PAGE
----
U.S. Open

U.S. Open 2024: The eternal chaser, Rory McIlroy, is quickly back in the major hunt again


Jared C. Tilton

June 13, 2024

PINEHURST, N.C. — Will Rory McIlroy ever run out of ways to make the news? Whether it's the politics of the PGA Tour vs. LIV, his personal and marital life, or his actual play, he has become the inescapable monolith of the golf universe, either smack dab in the spotlight or forcibly dragging the spotlight back toward him, by hook or by crook, when it has the audacity to waver.

On Thursday at the 2024 U.S. Open, it was all good news. Finishing late in the afternoon wave, McIlroy shot a bogey-free 65 at Pinehurst No. 2 to tie Patrick Cantlay for the lead at five under. It's the kind of score that the Donald Ross gem may not yield again in the three days remaining, and that puts him squarely in contention—yet again—to do what he hasn't done in a decade and win another major.

How you react to this news, be it with excitement, dread or apathy, is likely a reflection of your affinity for the Rory roller coaster. If anything, though, the picture McIlroy presented after his round was one of relative equanimity; good actors have a way of conveying sincerity, but there was something like inner peace in his bearing that had the tinge of authenticity.

"I really don't think I embraced U.S. Open setups probably 10 years into my U.S. Open career," he admitted. "I think I really changed my mindset around them in 2019, that one in Pebble, and since then I've also started to enjoy this style of golf a lot more. It's a lot different than the golf that we play week in, week out. I really appreciate that."


Sean M. Haffey

He described his strategic approach as "super conservative," his demeanor as "super stoic," and his entire bearing as "100 percent committed to the shots and 100 percent committed to having a good attitude."

That was likely easy early on, when he made birdie at 4 and 5, the first with a seven-foot putt after an impressive 208-yard approach, the second with a 66-foot chip-in. He hit a stretch of pars at that point broken up only by another birdie at 10—a six-footer on the par 5—and then it was back to a game of biding time.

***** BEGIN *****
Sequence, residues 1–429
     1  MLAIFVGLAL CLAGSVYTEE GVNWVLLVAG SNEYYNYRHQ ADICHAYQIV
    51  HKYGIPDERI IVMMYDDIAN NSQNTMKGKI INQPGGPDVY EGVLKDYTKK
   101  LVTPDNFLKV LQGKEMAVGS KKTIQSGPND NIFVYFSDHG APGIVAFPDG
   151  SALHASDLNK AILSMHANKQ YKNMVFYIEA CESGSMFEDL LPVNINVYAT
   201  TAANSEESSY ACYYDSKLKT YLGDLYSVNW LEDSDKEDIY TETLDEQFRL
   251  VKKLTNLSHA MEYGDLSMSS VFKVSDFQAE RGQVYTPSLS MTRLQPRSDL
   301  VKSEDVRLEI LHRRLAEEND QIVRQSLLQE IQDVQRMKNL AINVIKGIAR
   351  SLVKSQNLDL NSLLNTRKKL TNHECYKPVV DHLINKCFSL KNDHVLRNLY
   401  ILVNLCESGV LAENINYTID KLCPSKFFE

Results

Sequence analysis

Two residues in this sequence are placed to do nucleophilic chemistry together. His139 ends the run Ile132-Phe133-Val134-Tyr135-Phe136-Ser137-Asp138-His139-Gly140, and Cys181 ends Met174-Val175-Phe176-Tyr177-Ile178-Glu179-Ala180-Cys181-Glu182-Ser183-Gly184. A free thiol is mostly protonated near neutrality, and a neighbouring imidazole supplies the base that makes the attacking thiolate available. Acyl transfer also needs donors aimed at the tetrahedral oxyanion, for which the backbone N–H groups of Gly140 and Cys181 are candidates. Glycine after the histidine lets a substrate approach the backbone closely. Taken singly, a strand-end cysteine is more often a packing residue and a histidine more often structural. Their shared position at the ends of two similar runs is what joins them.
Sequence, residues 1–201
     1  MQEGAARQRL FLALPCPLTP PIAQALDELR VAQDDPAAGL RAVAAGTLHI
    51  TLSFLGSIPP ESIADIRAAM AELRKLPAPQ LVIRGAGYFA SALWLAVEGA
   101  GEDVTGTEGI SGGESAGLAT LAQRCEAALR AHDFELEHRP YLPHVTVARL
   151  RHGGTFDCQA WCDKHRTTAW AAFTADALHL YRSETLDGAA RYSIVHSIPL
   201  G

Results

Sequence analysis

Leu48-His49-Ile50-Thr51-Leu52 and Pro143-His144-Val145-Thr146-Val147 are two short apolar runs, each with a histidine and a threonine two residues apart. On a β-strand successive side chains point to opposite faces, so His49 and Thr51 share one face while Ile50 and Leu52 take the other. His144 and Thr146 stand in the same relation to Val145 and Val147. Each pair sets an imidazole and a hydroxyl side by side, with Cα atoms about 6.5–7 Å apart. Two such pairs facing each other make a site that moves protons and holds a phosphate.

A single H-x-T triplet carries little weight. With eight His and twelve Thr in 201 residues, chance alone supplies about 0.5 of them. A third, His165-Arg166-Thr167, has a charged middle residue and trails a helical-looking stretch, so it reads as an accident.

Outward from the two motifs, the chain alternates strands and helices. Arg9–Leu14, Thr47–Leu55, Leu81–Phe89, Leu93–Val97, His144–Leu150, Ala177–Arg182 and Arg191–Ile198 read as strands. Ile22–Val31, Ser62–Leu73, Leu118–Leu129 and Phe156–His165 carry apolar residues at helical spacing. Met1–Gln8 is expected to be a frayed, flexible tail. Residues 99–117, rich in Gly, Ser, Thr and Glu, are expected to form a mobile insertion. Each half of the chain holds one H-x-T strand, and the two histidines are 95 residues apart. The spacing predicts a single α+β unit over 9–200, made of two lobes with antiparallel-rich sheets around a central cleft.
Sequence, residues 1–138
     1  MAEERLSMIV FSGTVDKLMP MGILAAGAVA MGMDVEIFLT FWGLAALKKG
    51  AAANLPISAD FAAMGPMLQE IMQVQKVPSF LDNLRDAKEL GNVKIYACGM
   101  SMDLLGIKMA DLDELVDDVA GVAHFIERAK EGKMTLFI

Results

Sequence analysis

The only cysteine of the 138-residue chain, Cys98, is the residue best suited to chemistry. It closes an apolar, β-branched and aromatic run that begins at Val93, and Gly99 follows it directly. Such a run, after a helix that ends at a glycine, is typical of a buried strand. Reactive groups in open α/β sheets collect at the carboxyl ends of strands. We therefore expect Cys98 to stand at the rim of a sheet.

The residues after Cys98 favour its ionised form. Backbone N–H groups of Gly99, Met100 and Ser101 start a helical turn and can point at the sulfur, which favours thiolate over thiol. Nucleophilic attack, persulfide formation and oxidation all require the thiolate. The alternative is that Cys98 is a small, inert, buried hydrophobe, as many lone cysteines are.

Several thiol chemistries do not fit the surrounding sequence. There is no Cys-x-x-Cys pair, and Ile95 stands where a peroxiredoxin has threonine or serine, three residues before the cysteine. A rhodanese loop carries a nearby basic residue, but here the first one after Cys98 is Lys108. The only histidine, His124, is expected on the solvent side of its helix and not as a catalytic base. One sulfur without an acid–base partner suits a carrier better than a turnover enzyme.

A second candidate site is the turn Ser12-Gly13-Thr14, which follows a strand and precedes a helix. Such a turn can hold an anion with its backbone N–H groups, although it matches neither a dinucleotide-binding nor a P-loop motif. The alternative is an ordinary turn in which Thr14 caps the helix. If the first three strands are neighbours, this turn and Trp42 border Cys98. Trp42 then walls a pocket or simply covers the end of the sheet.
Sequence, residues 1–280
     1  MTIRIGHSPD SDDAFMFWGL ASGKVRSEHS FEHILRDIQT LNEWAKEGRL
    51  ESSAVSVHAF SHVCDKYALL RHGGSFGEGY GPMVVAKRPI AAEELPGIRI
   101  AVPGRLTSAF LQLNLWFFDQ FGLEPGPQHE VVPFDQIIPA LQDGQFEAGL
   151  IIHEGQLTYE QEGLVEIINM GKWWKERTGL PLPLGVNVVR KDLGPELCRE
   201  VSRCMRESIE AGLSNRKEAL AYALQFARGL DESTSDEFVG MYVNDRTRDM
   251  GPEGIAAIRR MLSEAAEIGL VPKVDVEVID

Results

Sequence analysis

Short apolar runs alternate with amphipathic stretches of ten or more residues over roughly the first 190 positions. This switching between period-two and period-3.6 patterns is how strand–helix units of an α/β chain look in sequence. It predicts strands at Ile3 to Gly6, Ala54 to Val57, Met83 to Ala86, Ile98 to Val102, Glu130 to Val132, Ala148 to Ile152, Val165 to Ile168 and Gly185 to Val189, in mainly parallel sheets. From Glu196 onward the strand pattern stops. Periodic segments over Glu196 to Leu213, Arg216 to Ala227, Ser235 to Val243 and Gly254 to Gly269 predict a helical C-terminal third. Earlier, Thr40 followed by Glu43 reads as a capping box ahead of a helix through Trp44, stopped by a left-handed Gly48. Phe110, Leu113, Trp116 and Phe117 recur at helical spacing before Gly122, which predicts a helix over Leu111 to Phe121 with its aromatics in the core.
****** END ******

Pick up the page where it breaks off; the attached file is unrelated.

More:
"I hit a good shot into 11, made par, good shot into 12, made par, good shot into 13, made par, good shot into 14, made par, and I was on this run of hitting it to 20 feet and two-putting," he said. "I could have got a little impatient, but I felt like my patience was rewarded there with birdies on two of the last three holes. It was really nice to finish like that."

The exclamation mark came at 18, when another birdie putt of almost exactly 20 feet stood between him and Cantlay:

(In the press conference afterward, he was asked about walking in the putt, a bit of showmanship that's unusual for him, and Rory, honest as ever, admitted that he was walking after it because he thought he left it short.)

It would not be a shock if the legions of Rory fans looked upon this start with a bit of skepticism, but there are good omens. The last three times he opened with a bogey-free round in a major, for instance, he won—the 2014 Open, 2012 PGA and the 2011 U.S. Open. He's only three-for-22 converting 18-hole leads into wins in his PGA Tour career, but two of those wins were majors. Once again, it's all feeling possible, and it may come down to a learned calmness in stressful conditions.

"I went through a run there for a while where my starts at major championships weren't very good," he said after his round. "Probably got myself a little too worked up at the start of the week. But yeah, even back to the PGA, I opened with a five under there at Valhalla. Felt like I played OK … even going all the way back to this tournament last year, opened with a low one. Wasn't quite as low as Rickie [Fowler] and Xander [Schauffele], but it was nice to open up with a low one and feel like you're right in the tournament from the first day."

On top of it all, he knows he needs luck—the kind he had today with his chip-in, or, less dramatically but no less important, with the full distances left on many of his approaches, which let him control spin better than he would have with a three-quarter swing.

Pinehurst generally brings luck into the equation with the wiregrass rough, and McIlroy is smart enough to know that at some point this week, the luck will go against him. But he's in the early wave Friday, when the course should offer more mercy than it might in the afternoon when temperatures rise to triple digits, and with another good round, he could stake a claim for a prize that has eluded him so reliably for nearly a decade.